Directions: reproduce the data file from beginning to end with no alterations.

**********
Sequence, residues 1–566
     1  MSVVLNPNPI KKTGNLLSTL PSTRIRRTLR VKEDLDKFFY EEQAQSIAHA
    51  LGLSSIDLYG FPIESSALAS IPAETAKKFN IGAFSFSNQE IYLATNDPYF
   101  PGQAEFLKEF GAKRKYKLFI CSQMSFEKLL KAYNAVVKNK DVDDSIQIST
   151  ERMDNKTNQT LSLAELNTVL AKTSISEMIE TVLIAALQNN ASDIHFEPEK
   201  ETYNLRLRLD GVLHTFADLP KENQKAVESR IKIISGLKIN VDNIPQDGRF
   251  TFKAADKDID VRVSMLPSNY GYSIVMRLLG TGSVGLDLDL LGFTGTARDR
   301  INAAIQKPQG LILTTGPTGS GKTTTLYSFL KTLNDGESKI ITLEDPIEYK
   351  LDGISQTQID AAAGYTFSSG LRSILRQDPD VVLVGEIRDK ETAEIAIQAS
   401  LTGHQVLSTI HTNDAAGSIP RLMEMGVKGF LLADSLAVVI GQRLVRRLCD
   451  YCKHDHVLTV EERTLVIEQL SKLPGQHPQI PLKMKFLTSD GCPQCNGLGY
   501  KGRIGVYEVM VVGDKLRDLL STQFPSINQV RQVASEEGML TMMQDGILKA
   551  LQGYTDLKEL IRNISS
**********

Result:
Sequence, residues 1–566
     1  MSVVLNPNPI KKTGNLLSTL PSTRIRRTLR VKEDLDKFFY EEQAQSIAHA
    51  LGLSSIDLYG FPIESSALAS IPAETAKKFN IGAFSFSNQE IYLATNDPYF
   101  PGQAEFLKEF GAKRKYKLFI CSQMSFEKLL KAYNAVVKNK DVDDSIQIST
   151  ERMDNKTNQT LSLAELNTVL AKTSISEMIE TVLIAALQNN ASDIHFEPEK
   201  ETYNLRLRLD GVLHTFADLP KENQKAVESR IKIISGLKIN VDNIPQDGRF
   251  TFKAADKDID VRVSMLPSNY GYSIVMRLLG TGSVGLDLDL LGFTGTARDR
   301  INAAIQKPQG LILTTGPTGS GKTTTLYSFL KTLNDGESKI ITLEDPIEYK
   351  LDGISQTQID AAAGYTFSSG LRSILRQDPD VVLVGEIRDK ETAEIAIQAS
   401  LTGHQVLSTI HTNDAAGSIP RLMEMGVKGF LLADSLAVVI GQRLVRRLCD
   451  YCKHDHVLTV EERTLVIEQL SKLPGQHPQI PLKMKFLTSD GCPQCNGLGY
   501  KGRIGVYEVM VVGDKLRDLL STQFPSINQV RQVASEEGML TMMQDGILKA
   551  LQGYTDLKEL IRNISS